This weekend I bumped through the Valley of the Shadow of Death--you know, New Jersey.
It was time, according to Lothar, my Serbo-Croatian auto-mechanic who lives down in Tom's River, New Jersey, to trade in my 1966 Simca for something newer.
Lothar is the last of world's Simca mechanics and is widely considered--in Simca circles--to be the best. That said, there is only so much you can do with a 51-year-old car that was probably designed to last one-tenth of that time.
So, months ago I said to Lothar, "When you find something to replace her, let me know."
Finally, Lothar had found something, a 1975 Simca 1501 with 57,000 original miles on it, no rust. Lothar promptly fitted the Simca with an old BMW in-line six and a new manual six-speed transmission, as well as a new sound-system.
In other words, the car was better than new. Actually, it was better than it had any right to be.
My wife promptly looked Lothar in his dark Slavic eyes.
"And the heater," she said, "It works."
My wife is nobody's fool. "It works in the winter, too?"
"Especially in the winter," the old man laughed.
We went inside to Lothar's cluttered office in his garage, poured ourselves a cup of motor oil he calls coffee and finalized the signing of some paperwork and the passing over of some money.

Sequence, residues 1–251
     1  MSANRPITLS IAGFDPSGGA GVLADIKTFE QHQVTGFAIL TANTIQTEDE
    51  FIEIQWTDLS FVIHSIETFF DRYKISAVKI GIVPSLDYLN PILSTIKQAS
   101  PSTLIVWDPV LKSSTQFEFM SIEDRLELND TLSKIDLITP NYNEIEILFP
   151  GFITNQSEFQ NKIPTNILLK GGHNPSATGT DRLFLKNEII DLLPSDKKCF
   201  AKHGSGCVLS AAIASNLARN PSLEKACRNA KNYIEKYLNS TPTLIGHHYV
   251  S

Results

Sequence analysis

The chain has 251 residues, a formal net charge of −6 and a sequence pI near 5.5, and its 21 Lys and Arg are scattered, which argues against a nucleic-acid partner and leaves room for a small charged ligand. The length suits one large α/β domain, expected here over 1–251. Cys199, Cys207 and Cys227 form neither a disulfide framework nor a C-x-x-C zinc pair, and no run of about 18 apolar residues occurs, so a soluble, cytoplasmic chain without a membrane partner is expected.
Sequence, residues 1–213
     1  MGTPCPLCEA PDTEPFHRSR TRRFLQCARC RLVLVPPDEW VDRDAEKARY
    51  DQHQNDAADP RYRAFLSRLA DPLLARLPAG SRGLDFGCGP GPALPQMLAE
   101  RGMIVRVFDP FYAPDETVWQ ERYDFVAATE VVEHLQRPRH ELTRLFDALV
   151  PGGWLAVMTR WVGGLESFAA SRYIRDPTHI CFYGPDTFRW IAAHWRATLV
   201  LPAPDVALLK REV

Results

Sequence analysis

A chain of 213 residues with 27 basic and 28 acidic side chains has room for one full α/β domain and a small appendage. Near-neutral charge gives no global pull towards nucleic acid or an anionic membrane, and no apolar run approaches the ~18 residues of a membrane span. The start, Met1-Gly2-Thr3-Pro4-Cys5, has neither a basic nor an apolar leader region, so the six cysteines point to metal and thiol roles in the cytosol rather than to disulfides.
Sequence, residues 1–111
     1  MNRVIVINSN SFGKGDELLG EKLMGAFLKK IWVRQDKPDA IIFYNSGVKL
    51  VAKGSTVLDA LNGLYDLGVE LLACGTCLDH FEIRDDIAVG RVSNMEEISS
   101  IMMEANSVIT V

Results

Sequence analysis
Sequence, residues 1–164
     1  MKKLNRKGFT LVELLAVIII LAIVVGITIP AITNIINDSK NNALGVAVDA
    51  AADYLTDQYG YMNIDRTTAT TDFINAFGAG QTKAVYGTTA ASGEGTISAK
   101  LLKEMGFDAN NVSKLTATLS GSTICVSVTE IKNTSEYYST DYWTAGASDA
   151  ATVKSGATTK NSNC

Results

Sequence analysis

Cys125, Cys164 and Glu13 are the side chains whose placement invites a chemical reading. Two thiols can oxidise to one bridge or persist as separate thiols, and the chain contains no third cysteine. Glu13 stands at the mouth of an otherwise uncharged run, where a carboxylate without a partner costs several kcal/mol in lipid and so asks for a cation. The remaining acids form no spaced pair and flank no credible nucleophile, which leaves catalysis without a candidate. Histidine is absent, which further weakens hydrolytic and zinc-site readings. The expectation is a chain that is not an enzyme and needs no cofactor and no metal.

On the way out, Lothar pointed to one more feature of the machine.
"She has tires run flat," he said.
"Run flat tires." I clarified, "Good for 50 miles at 50 miles per hour."
He nodded and shook my hand in his giant catcher's mitt-sized grip.
We drove down his long gravel driveway and in short order hit the Jersey Turnpike, where in even shorter order we hit a pothole of the sort that could have entombed the late Jimmy Hoffa.
The right front tire had blown out, but the car wobbled home at 50 mph.
"It's a nice car," my wife admitted.
"We'll get used to I," I temporized.
"We'll get used to everything but the potholes."
And she left me in our garage, changing the flat.